Many of our investments positively contribute to the transition to a low carbon economy.
In relation to climate change risks, we plan to carry out a project in the next year to understand our starting point and measure the exposures our business and our investments have to the physical and transitional risks that climate change will bring about.
Understanding if an investment is sustainable or not is not a binary question and is difficult to assess from an ESG rating alone.
The solutions required to address the environmental and social challenges that we face are not necessarily included in ESG rating providers’ universes and therefore investors must look beyond passive ESG funds.
Ultimately the success of sustainability relies on us stepping outside our comfort zone and investing in areas that have not served our past but will be the change makers for the future.
No one knows what perfect looks like yet because there is no rulebook in sustainability. Instead, it is about taking steps forward by investing in assets that are aiming to provide solutions for the big environmental and social challenges we face.
Standardisation of sustainability measurement is in its early stages, but more are being developed. However, not all sustainability outcomes can be measured quantitively. There are some metrics that are easily measurable, but the ongoing impacts of those aspects can be much broader.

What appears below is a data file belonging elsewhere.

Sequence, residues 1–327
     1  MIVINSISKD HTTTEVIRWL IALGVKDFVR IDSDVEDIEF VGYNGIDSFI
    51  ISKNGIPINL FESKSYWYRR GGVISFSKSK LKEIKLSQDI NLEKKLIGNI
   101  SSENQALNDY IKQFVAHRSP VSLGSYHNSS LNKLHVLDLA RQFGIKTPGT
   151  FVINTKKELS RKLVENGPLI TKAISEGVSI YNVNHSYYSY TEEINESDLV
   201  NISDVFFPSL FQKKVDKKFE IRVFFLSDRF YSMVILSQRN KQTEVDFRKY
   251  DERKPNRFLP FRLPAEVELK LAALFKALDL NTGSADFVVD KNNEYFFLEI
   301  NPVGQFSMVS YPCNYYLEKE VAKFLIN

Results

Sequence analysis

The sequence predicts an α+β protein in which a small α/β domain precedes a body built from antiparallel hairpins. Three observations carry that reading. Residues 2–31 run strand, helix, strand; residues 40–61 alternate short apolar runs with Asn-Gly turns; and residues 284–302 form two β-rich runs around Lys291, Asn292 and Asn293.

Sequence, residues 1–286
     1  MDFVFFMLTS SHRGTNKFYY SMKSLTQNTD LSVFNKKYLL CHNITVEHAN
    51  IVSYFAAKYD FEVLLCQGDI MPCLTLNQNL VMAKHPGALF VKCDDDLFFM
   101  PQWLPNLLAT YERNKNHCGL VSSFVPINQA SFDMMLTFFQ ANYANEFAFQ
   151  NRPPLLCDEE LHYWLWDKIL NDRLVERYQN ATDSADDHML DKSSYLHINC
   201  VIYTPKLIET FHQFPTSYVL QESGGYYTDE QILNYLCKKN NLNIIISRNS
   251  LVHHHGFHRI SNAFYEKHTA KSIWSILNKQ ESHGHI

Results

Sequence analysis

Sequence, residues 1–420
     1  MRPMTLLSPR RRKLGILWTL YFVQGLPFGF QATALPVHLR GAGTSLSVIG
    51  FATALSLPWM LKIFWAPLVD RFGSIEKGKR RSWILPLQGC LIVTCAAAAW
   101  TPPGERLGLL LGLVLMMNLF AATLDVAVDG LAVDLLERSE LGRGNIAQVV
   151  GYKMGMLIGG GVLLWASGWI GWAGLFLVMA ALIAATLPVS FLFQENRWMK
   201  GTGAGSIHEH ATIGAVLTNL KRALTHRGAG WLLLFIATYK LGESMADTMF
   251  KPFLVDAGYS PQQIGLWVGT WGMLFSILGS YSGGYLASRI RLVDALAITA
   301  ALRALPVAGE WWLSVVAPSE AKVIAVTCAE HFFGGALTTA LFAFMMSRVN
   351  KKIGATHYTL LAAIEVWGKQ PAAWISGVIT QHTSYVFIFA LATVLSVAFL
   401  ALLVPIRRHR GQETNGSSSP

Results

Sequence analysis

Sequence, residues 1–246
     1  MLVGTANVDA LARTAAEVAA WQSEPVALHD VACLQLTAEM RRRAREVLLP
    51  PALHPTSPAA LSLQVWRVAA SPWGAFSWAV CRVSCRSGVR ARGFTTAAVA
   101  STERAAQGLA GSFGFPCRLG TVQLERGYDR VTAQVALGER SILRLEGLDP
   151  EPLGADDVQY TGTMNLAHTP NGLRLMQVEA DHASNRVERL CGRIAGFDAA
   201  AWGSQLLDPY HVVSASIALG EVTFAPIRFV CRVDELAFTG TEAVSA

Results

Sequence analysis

For example, improving board diversity can be measured by ticking a simple requirement – say two out of five board members being women – but the outcomes of this statistic may also be improved business performance and innovation as well as influencing greater diversity across a business1.
Whilst measuring sustainability of a business requires an assessment of core indicators, investors must also consider the wider resulting outcomes and impact which cannot always be measured or quantified.
We recognise we are in the relatively early stages of our sustainability journey but are proud to have taken huge strides forward in a very short amount of time.
Since 2018 we have concentrated on formalising our approach to sustainable investment across our investment processes and since then have been working to embed sustainability into our investment decision making.
We invest in a range of assets that contribute to some of the greatest environmental and social challenges our economies and societies currently face.
To be heard above the noise within this industry and be recognised for the positive contributions we are making, we have committed ourselves to ensuring our sustainability strategy is implemented with integrity and authenticity.
Rebecca joined Gresham House in July 2020 in the newly created role of Director, Sustainable Investment. Previously, she worked as an ESG Strategist at Univest, responsible for setting a leading sustainability framework across Univest’s investment approach, as well as setting their sustainability objectives for the next five years. Prior to this, she worked at Hymans Robertson as an Investment Consultant and Responsible Investment adviser where she designed and developed their responsible investment client proposition whilst working closely with a range of clients to enhance their approaches to responsible investing and ESG.
1. Sloane Review https://sloanreview.mit.edu/article/gender-diversity-at-the-board-level-can-mean-innovation-success/